Weaknesses: Queen’s had the worst power play unit in the country at just 5.8 per cent. The Gaels struggled to keep the puck out of their own net against high-end teams, and haven’t played since being knocked out in the first round of the OUA playoffs on Feb. 26.
Whew, you made it.
Below is your reward: First-round predictions followed by a song to describe each team’s chances of claiming the 2017 national championship.
(4) McGill vs. (5) StFX — Thurs. Mar. 16, 3 p.m. ET
The Martlets should have enough talent on their top two lines to see off any challenge from X, full stop. I’ll take gold-medalist Melodie Daoust, the clinical finishing of Olivia Atkinson and the physical presence of Jade Downie over anything StFX can throw McGill’s way.
Prediction: 5-1 McGill.
(1) UBC vs. (8) Queen’s — Thurs. Mar. 16, 7 p.m. ET
While the T-Birds certainly didn’t romp to the CanWest title, they’re the no.-1 seed for a reason. Plus, Queen’s was roughly the seventh-best team in the OUA, has struggled all season to find goals, and hasn’t played in three weeks.
Prediction: 3-0 UBC.
(3) Saint Mary’s vs. (6) Alberta — Fri. Mar. 17, 11 a.m. ET
A morning start time could be of slight detriment to Alberta, but if the Pandas execute their systems to the best of their abilities they ought to be able to shut down the scintillating SMU duo of Lanceleve-Manning.
Prediction: -0 Alberta.
(2) Guelph vs. (7) Concordia — Fri. Mar. 17, 3 p.m. ET
Look, I love what Julie Chu and her staff have done at Concordia, I really do. Believe me. But Rachel Flanagan’s Guelph team is the most well-rounded entry in this year’s tournament, and barring a complete collapse should be able to see off the Stingers. It might be close, perhaps the closest of the quarter-final games, but advantage Guelph.
Prediction: 3-1 Guelph.
(1) UBC (“Danger Zone” – Kenny Loggins) — With all their playoff games decided by two goals or less, I guess you could say the T-Birds were living on the edge in the…danger zone. This bunch of ‘mavericks’ are a one seed for a reason.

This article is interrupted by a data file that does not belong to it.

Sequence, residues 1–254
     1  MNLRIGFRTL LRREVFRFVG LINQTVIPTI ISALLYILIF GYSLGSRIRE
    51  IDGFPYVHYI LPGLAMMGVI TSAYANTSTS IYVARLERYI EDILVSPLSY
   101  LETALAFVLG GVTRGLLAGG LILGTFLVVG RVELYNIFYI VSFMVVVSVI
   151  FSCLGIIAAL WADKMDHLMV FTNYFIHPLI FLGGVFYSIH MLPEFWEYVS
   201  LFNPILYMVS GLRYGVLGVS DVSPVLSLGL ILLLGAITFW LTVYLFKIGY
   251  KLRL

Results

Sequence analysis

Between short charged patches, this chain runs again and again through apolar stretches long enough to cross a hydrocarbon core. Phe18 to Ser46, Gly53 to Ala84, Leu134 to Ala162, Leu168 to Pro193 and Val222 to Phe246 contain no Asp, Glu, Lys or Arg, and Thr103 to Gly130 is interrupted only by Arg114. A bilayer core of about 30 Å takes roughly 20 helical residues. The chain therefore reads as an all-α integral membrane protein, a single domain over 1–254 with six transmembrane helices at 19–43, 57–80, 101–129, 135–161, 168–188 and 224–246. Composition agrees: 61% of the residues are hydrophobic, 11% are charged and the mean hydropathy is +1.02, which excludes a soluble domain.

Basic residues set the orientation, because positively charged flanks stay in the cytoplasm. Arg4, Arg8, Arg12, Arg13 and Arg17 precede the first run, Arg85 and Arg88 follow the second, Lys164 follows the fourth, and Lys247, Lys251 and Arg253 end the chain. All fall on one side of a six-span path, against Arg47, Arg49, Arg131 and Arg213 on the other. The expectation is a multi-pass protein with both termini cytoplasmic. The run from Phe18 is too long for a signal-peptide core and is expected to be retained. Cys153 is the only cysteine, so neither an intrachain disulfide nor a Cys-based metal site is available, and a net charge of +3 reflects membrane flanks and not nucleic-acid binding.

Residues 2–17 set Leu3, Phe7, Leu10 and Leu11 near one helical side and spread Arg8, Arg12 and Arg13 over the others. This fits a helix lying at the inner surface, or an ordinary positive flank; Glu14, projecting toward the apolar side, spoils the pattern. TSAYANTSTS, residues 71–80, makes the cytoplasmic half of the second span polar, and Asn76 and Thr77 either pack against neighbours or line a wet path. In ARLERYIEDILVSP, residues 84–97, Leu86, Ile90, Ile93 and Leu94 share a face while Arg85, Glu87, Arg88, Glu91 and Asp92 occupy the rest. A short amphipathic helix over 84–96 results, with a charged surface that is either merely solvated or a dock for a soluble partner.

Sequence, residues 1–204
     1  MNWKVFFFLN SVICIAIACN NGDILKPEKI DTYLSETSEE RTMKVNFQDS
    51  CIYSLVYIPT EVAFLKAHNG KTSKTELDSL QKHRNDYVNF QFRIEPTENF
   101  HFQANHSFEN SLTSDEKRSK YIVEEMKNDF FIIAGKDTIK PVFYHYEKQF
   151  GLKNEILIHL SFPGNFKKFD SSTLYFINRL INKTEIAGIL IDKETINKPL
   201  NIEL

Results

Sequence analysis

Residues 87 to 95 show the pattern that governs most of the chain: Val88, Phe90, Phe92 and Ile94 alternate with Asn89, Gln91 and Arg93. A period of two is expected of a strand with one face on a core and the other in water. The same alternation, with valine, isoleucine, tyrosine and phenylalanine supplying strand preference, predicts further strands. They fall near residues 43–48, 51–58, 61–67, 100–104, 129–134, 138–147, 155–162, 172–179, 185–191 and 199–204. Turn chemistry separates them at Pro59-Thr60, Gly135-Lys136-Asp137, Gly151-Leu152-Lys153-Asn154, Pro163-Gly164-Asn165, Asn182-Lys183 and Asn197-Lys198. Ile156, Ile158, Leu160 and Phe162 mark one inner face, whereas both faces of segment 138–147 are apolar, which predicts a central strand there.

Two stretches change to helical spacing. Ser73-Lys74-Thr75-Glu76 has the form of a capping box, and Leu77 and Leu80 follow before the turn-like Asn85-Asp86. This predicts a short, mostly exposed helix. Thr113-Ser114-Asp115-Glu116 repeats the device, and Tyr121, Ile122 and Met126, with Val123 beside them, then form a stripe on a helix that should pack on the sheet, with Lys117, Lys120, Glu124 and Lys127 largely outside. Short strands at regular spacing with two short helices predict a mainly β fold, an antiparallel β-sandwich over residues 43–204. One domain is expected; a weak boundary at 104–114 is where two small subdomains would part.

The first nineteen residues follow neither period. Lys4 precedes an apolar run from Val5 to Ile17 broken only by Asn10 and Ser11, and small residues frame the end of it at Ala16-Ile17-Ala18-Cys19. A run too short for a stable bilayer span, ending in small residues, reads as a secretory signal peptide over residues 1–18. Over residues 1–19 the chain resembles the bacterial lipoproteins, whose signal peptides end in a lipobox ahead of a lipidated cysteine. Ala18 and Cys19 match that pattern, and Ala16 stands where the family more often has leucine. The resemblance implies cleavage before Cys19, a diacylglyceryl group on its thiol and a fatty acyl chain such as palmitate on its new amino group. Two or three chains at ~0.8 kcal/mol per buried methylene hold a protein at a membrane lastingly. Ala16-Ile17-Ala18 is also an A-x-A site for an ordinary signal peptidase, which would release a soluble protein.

(2) Guelph (“Put Your Hands Up” – Boiling Point) — I just think Guelph has all the pieces to win, okay? Also needed an excuse to insert that sick Minnesota high-school hockey video into this somewhere. Fire me up for nationals!
(3) SMU (“1234” – Feist) — As Feist once said, you need one, two, three, four or more contributors to make a run at nationals. Okay, maybe she didn’t say it explicitly. But it was clearly her motive in writing the song.
(4) McGill (“Somebody Told Me” – The Killers) — They’re dangerously talented and watching their five-forward power play makes me want to dance, similar to this Killers tune.
(5) StFX (“Pretty Vegas” – INXS) — Much like the short-lived career of J.D. Fortune as the frontman of INXS, I don’t see the X’s stay on the championship side of the bracket lasting long.
(6) Alberta (“Small Town Throwdown” – Brantley Gilbert et. al.) — Was really feeling some Nickelback, because the Edmonton Oil Kings entire warmup is Nickelback, but Alberta’s defence-first attitude just screamed gritty country-rock. Don’t @ me.
(7) Concordia (“Sandstorm” – Darude) — Did they even expect to be here? Probably not, especially after starting 2-6-1 out of the gate. But something about the Stingers screams fun, much like this unforgettable euro tune from the year 2000. Check out those shades.
(8) Queen’s (“Standing in the Dark” – Platinum Blonde) — This iconic (ish?) Canadian pop-rock tune was released 36 years ago, which is also how long it’s been since Queen’s last played a game at nationals.
Enjoy the hockey everybody!